Monday, April 5, 2021

A Manual of Scientific Enquiry, edited by Sir John F. W. Herschel

Data collection handbook for explorers
While the British Royal Navy’s primary function was military, it also made great strides in the scientific exploration of the globe. The expeditions of Captain Cook and the voyage of the HMS Beagle, on which Charles Darwin served as ship’s naturalist, are just the best known examples of scientifically productive voyages sponsored by the Admiralty. To further its research agenda, the Royal Navy published A Manual of Scientific Enquiry in 1851. This era is often considered the age of Humboldtian science because of the standard set by the meticulous data-gathering methods of Prussian explorer Alexander von Humboldt. The Royal Navy’s Manual is an instruction guide on scientific intelligence gathering for physicians, naturalists, geographers, and other scientifically minded sailors voyaging abroad or stationed in exotic foreign ports.

The list of contributors in the table of contents reads like a who’s who of the British scientific community in the mid-nineteenth century. The Manual is edited by the distinguished polymath Sir John Herschel (his dad discovered Uranus), who also contributes the chapter on meteorology. Charles Darwin delivers the chapter on geology (He studied geology extensively before making his indelible mark in biology), while the outstanding naturalist Richard Owen handles zoology. William Hooker, director of the Kew Gardens, writes on botany, and George Biddell Airy, the then-current Astronomer Royal, covers his celestial area of expertise.

Each contributor takes a different approach to his subject. Some chapters are little more than wishlists of data these scientists would like naval officers to gather towards solving unanswered research questions. Other chapters go into great detail on how to take precise measurements with very complex instruments, and in some cases how to first construct those instruments. The book contains very few illustrations, so it’s often hard for today’s reader to imagine what a barometer, thermometer, or actinometer might have looked like in 1851. The chapters on botany and zoology give detailed instructions on how explorers should preserve specimens of plants and animals in the field. In the latter case the processes can be quite disgusting and surprisingly toxic. Darwin’s chapter is supposed to be on geography, but his wide range of interests veers off into various digressions from dredging up coral samples to inspecting the stomach contents of seabirds. Some authors assume a certain level of prior knowledge in their given disciplines, particularly those dealing with the nautical sciences. Others are more novice-friendly, such as Sir Henry De la Beche, whose chapter on mineralogy provides a helpful introduction to the discipline.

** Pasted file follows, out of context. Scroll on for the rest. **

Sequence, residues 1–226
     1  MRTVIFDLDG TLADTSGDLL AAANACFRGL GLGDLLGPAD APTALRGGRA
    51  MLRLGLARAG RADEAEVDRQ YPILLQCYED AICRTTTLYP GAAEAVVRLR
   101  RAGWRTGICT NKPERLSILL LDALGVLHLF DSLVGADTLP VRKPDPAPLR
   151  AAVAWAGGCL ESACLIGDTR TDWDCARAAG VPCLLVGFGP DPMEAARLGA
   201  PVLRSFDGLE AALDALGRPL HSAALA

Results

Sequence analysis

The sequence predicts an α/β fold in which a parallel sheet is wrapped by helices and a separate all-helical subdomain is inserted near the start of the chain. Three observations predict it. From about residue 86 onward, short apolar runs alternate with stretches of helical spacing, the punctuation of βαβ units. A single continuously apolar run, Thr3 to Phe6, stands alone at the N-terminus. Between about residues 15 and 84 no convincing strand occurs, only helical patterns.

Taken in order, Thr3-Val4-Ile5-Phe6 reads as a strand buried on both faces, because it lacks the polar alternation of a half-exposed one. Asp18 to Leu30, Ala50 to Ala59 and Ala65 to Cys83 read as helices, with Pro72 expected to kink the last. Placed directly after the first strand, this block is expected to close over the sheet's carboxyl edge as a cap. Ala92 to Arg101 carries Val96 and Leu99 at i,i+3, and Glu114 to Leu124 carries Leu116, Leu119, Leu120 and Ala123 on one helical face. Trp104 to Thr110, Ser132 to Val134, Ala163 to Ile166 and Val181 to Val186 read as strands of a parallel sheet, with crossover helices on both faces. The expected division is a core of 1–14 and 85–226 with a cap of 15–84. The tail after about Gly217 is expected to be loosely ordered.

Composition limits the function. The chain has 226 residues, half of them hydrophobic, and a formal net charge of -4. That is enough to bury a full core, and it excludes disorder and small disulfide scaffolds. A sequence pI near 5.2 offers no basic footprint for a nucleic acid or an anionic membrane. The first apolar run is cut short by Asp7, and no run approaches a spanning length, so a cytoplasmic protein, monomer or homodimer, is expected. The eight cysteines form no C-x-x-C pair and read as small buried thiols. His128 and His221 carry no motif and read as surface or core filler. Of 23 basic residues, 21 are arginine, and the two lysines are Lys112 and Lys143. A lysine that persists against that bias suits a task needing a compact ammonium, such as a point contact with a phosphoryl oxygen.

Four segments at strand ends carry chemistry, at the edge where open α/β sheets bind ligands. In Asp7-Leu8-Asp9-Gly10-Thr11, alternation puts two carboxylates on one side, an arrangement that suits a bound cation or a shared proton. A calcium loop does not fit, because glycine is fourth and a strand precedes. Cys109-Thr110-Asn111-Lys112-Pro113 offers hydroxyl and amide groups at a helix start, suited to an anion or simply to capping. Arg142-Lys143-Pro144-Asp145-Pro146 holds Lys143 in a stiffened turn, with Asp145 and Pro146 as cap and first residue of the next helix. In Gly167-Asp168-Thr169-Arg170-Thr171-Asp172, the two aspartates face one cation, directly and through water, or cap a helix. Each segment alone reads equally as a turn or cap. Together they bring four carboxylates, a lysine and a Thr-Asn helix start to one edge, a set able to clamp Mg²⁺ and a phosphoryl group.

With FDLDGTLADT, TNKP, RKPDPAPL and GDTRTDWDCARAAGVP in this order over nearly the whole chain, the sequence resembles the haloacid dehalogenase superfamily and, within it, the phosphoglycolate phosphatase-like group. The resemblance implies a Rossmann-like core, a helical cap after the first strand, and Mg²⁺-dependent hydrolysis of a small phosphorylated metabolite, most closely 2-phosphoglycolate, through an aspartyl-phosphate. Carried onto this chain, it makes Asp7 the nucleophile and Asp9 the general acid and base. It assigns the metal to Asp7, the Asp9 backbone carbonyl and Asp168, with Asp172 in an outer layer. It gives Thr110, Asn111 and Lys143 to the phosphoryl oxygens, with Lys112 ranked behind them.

After reading this manual, the reader walks away with a newfound respect for the sailors of old. The audience for this book were no common seabound laborers. Readers were expected to be well-versed in all aspects of celestial navigation, surveying, and mathematics. Most readers of today, who can get their GPS coordinates off of Google Earth, will find the chapter on terrestrial magnetism hopelessly confusing and unintelligible. Taking accurate measurements with the difficult and delicate instruments of the era required a great deal of patience and skill. It may have taken five steps just to get a reading off of a thermometer, and often one had to run one’s numbers through a complex equation to get the desired result. From reading this book, one would think that British sailors had nothing better to do than take readings and keep tabular journals all day and night, which hardly seems believable. Perhaps the scientists who wrote the manual had unrealistic expectations of their audience? Nevertheless, the exploratory vessels of the Royal Navy made great strides in our understanding of the world’s natural environment and the people who inhabit it. This book gives the armchair explorer an educational glimpse into the scientific work of these intrepid explorers and a renewed admiration for their accomplishments.

Table of contents
Astronomy by Sir George Biddell Airy
Magnetism by Sir Edward Sabine
Hydrography by Captain Frederick William Beechey
Tides by Rev. Dr. William Whewell
Geography by William John Hamilton
Geology by Charles Darwin
Earthquake Phenomena by Robert Mallet
Mineralogy by Sir Henry Thomas De la Beche
Meteorology by Sir John F. W. Herschel
Atmospheric Waves by William Radcliffe Birt
Zoology by Sir Richard Owen
Botany by Sir William Jackson Hooker
Ethnology by James Cowles Prichard
Medicine and Medical Statistics by Dr. Alexander Bryson
Statistics by George Richardson Porter

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